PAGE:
It seems that those FDA regulators aren't much pleased with those labels that they've been regulating them for the past 20+ years. So, they want to "re-regulate" the labels because they are "out of date," meaning in plain English that the FDA regulators want calorie and serving size information to be more visible on food packages. In addition, they want producers to include a new line that identifies "added sugars" in a product.
It's likely a directive emanating from the Office of the Chief of the Food Police, Michelle Obama, as part of her much-touted "signature" but more "significant failure" "Let's Move" campaign. The goal is for the federal government--through the FDA--to regulate the eating habits of Americans, beginning with the children in the nation's public schools and expanding eventually every kitchen in the USA.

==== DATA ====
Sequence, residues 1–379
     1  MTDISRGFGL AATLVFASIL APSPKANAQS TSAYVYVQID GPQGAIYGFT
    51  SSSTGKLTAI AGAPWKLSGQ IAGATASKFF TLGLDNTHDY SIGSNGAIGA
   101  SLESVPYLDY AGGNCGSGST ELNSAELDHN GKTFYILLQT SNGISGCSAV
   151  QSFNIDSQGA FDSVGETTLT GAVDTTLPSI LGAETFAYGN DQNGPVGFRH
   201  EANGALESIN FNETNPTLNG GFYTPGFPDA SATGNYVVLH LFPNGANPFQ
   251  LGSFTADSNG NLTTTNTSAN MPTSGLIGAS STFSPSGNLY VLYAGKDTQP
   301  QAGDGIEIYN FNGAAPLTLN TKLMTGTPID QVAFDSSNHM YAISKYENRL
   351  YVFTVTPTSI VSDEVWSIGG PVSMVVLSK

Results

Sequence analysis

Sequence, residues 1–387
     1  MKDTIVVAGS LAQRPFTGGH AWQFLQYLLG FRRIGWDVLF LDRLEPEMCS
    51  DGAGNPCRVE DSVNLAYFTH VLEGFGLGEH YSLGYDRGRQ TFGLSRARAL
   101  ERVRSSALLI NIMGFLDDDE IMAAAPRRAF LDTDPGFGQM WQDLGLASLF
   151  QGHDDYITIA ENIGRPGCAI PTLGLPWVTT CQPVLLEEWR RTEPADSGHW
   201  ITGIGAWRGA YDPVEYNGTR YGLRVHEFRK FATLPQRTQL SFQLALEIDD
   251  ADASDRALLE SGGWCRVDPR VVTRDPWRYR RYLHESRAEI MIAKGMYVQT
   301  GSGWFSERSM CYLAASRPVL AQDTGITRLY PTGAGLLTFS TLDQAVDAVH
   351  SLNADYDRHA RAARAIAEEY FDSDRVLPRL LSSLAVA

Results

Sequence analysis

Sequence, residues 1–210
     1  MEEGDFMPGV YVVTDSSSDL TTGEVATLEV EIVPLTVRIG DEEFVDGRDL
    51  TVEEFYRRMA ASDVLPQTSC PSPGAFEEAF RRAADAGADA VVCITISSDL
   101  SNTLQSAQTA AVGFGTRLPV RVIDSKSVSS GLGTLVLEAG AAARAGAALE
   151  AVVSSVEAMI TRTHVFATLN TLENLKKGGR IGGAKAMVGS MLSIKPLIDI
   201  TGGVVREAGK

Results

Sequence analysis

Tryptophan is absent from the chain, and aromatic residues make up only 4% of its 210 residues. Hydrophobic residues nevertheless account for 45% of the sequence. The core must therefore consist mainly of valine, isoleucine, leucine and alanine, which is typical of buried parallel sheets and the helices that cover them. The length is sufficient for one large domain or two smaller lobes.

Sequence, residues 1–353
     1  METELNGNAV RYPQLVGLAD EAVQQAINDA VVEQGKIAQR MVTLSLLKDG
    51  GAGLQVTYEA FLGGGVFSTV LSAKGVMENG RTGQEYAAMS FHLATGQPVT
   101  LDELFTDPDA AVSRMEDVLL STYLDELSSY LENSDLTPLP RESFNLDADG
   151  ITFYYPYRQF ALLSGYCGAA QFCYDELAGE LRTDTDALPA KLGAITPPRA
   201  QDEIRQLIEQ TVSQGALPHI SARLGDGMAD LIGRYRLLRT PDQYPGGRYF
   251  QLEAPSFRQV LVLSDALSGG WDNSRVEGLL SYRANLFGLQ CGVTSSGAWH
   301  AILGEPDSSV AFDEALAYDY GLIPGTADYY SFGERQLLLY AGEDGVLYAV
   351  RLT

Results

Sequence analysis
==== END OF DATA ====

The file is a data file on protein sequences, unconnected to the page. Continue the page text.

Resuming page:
So, believing that Americans eat more food today than they used to--which is probably accurate--and, consequently, the calories and serving sizes on today's packages often don't match up with what Americans actually eat--that's also probably accurate--the FDA regulators have decided to update those nutrition labels in an effort to improve the nation's public health.
It sounds all so "caring," doesn't it? Sort of like a "Nanny State."
According to a Heartland Institute study, there is no evidence that those labels will improve the nation's public health. Yet, despite this fact, the FDA regulators are going to spend at least $2.3B to implement the new nutrition labels.
Who's going to pay for it? Not those in the food industry who are required to change package sizes, suppliers who must keep records of added sugars, or the cost of enforcement. Those costs will be transferred to the nation's consumers in the form of higher food prices.
Perhaps the real goal of the Food Police is to starve the poor into submission.
Let the dicussion begin...
To read the Heartland Institute study, click on the following link:
"Value of New Nutritional Labels Questioned."